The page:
If you have decided to read this article, then I salute you. It means you are responsible enough to stock up your fridge with food. It also means you are responsible enough not to want to waste food (and the money you spent) if the power goes out.
The thing is, power outage is very common right now. With hurricane season in full swing, we can all expect the power to go out at some point. Accordingly, being equipped and knowing what to do with the food in your fridge is a good way to prevent waste.
So are curious to know what to do with the meat in your fridge? What about the milk and that fine stinky cheese? The US Department of Agriculture (USDA) Food Safety and Inspection Service (FSIS) have some valuable tips for you.
When the power goes out, avoid opening your fridge or freezer. Your fridge will keep cold for four hours if you keep it shut. A freezer will keep its temperature for almost 48 hours, while it will hold it for 24 hours if it’s only half full.
Goes without saying then, that you should avoid staring at your open fridge trying to figure out what it is you feel like eating. When the power goes out, just grab and go. The first thing you grab should be it!
Cross contamination is not something you want to happen. That’s why it’s best to avoid placing raw meat next to fruit in your fridge or next to hams and cheese. When the power goes out, cross-contamination is even more of a risk.
If you do have thawing meats, then place them on a separate shelf away from other foods. You can also seal the meat for further prevention. Foil or plastic work well for covering. Also, cover up your other food too. Things should not be left in cans and hams should be sealed well.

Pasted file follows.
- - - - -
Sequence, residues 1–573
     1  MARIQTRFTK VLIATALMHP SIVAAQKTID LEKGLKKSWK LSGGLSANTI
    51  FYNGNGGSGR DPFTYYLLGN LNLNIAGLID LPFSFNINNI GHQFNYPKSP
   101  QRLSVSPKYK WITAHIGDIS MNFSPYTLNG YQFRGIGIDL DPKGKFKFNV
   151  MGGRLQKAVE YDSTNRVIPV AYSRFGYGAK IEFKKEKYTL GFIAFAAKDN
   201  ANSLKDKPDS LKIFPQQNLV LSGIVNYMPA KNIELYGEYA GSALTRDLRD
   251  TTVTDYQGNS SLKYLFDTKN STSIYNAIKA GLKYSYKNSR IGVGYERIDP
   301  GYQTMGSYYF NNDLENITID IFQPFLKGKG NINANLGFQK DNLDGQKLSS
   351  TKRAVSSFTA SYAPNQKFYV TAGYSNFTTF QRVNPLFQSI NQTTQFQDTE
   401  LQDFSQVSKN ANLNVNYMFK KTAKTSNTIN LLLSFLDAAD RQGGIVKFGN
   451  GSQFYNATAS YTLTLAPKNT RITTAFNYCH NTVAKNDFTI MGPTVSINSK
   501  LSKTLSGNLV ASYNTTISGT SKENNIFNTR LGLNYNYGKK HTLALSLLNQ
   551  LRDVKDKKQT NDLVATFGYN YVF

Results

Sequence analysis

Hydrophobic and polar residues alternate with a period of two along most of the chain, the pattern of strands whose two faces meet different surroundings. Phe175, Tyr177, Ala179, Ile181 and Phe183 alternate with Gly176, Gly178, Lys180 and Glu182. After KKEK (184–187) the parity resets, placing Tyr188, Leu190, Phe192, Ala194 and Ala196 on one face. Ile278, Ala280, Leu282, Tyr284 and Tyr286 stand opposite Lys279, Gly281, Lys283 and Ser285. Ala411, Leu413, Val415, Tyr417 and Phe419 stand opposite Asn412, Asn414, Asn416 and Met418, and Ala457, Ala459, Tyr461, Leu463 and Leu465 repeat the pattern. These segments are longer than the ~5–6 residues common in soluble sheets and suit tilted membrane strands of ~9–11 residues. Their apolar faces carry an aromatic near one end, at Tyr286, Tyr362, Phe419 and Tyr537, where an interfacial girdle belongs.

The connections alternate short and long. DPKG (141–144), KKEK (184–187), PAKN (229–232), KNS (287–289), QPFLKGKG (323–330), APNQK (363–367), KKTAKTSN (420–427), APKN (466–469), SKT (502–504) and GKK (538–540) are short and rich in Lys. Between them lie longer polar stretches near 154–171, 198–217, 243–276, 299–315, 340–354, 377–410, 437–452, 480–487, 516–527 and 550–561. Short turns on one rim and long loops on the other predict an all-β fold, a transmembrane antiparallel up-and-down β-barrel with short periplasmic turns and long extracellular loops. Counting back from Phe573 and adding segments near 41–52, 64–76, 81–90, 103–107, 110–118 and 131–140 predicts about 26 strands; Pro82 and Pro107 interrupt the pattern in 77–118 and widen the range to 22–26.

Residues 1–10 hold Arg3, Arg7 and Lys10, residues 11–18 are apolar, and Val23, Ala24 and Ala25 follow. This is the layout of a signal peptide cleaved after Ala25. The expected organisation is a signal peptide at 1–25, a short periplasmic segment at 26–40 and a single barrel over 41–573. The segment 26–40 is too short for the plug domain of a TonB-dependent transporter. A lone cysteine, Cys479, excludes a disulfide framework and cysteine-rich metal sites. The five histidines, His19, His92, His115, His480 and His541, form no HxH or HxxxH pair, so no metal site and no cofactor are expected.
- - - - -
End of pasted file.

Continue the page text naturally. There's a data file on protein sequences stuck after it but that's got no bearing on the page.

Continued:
If available, use block ice to keep your fridge cold for longer. “Fifty pounds of dry ice should keep a fully-stocked 18-cubic-feet freezer cold for two days.” That’s enough time for you to eat more things from your fridge and avoid waste.
Now, before you start eating food from your fridge, it’s best to check its temperature. Food like seafood, meat, and eggs that have been in a 40°F temperature for more than two hours should be thrown away. You could be risking food poisoning.
You should also be wary of the food in your freezer. “The food in your freezer that partially or completely thawed out may be safely refrozen if it still contains ice crystals or is 40°F or below.” So even if your power comes back and your meat has refrozen, you could still be risking getting sick by eating that refrozen meat.
Getting food poisoning is definitely not a walk in the park. What’s worse than food poisoning is getting it when there’s a hurricane devastating your hometown. Can you imagine trying to head to the hospital and feeling sick while getting chased by a hurricane?
Remember, when in doubt, it’s best to throw food away. Ideally, you’d throw a party as soon as the power goes out. Everyone at home can eat whatever they want from the fridge or freezer, that way, there’s no waste and the food is still good.
You also have another option. You can stop adulting and go back to being irresponsible and eating out every night. That way you can eat cereal and watch Netflix when the hurricane hits rather than clean out your fridge.